Save Fish, and Money, by Removing Dams
The Oregonian, May 27, 2009
If the Snake River Dams were removed, railroads would replace the 140 mile barge traffic from Lewiston to Pasco... soft white wheat would continue to be barged down the Columbia River - no need for more rail in the C. Gorge. Capacity upgrades would take place at the Port of Pasco so wheat could be loaded onto barges on the Columbia R. Track, rail car and elevator capacity upgrades would take place in other places around Eastern Washington, as well. The "too many trucks" Boogy Man is a moot point. Besides they already truck wheat out of the uplands down to Lower Granite/Little Goose pools. Trucks would remain as 2% of the cargo traffic.
The removal of the dams would be done with an increase in shoreline rail investments that would only help the regions producers in the 21st century. New rails would create new and diverse markets and transport options for growers in the region interested in delivering to domestic markets as well as export-markets. The removal of these dams for fish recovery cannot happen on the backs of growers and does not have to. Again, the rather tired "truck traffic" premise is borrowed from the Ice Harbor Dam visitor center and is merely a convenient obstacle that entrenched interests like to throw out to argue for an expensive, ineffective status quo.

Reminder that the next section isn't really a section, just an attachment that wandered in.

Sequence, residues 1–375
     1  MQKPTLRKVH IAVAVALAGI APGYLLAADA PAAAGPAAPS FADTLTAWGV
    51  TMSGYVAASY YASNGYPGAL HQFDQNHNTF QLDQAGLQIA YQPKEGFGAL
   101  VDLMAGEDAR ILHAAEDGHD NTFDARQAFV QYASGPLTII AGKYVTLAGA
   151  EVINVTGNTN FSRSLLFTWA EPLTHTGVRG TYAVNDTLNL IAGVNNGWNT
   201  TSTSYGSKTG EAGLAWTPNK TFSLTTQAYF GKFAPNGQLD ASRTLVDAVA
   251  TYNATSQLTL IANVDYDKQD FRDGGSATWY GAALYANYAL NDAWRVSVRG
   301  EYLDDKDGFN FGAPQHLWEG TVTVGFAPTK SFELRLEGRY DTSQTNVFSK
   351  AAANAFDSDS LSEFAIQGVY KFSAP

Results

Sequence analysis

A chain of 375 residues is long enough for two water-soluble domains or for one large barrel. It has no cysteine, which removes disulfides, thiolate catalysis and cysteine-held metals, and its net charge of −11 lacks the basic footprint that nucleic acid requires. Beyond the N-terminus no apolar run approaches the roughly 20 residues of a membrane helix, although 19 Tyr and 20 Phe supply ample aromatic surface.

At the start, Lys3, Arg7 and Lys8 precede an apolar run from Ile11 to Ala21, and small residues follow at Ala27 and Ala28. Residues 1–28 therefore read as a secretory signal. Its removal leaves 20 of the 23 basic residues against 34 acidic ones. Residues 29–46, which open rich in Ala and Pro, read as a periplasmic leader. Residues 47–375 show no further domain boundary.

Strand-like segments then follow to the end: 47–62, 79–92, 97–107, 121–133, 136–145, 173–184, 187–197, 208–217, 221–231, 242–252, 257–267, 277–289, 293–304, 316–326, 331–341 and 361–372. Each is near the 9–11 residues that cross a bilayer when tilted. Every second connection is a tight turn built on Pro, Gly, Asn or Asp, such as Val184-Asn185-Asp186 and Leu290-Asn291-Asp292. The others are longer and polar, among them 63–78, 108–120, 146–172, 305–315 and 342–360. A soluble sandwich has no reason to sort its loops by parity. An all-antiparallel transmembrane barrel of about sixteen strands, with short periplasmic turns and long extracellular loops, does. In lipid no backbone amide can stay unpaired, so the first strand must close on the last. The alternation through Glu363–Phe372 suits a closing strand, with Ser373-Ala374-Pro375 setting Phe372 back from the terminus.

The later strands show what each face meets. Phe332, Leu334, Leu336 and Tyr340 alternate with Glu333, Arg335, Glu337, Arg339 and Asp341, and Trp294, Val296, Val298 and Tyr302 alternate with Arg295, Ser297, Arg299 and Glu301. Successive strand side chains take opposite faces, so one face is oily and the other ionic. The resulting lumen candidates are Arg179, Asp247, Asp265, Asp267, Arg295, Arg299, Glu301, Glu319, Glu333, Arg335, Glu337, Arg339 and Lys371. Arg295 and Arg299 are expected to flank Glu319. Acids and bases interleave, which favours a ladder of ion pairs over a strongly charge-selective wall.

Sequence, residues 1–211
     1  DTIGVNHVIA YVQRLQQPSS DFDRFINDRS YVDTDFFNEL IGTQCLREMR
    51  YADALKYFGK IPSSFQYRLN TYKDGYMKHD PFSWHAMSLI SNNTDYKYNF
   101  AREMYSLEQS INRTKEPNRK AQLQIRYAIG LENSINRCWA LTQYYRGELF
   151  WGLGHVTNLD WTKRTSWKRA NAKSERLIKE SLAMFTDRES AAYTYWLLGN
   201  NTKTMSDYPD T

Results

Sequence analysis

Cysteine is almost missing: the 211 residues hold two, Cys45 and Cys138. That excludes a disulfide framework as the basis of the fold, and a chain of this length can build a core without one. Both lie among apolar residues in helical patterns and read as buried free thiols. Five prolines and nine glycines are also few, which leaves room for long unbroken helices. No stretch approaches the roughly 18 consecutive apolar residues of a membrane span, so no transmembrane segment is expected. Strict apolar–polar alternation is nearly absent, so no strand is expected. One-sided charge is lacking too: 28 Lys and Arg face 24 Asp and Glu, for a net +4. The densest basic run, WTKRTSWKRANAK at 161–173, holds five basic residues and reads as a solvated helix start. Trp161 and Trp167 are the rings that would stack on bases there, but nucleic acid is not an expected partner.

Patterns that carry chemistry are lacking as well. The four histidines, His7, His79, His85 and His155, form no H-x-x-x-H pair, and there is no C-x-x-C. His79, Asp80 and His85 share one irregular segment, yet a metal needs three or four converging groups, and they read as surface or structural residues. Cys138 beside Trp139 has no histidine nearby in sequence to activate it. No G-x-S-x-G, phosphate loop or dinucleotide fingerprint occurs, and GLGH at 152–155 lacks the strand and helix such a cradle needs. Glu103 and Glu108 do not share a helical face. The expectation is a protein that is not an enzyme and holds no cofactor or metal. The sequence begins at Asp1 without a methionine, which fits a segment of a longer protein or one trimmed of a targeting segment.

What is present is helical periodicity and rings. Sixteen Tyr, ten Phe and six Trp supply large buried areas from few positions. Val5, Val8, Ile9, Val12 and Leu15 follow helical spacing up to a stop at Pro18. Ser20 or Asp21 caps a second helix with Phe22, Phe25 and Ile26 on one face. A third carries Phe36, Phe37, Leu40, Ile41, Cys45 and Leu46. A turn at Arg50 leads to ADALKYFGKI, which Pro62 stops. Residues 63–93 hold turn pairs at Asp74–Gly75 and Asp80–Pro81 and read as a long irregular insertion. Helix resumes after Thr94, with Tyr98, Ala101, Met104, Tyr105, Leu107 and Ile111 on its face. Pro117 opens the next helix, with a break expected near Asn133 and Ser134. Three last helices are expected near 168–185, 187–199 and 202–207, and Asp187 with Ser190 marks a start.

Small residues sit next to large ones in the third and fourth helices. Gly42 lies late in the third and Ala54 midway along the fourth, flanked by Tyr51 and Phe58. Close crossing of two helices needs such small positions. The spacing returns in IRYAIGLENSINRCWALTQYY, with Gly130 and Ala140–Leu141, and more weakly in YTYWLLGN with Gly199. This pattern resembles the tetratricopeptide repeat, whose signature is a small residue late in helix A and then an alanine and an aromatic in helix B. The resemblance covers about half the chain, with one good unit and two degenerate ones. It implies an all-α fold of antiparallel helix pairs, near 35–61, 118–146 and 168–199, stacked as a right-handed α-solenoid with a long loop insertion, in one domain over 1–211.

Also, I would like to know who is going to continue to pay for these four Lower Snake River dams? Taxpayers have spent $8 billion dollars since 1987 on these dams and will be on the hook for another $11 billion to 16 billion in the next 20 years. They are the perfect picture of Big Government at work with your tax dollars. At some point people are going to wake up to the fact that theses projects are not cost effective and that they are robbing the Pacific NW of it natural and cultural common wealth - four runs of salmon and steelhead.
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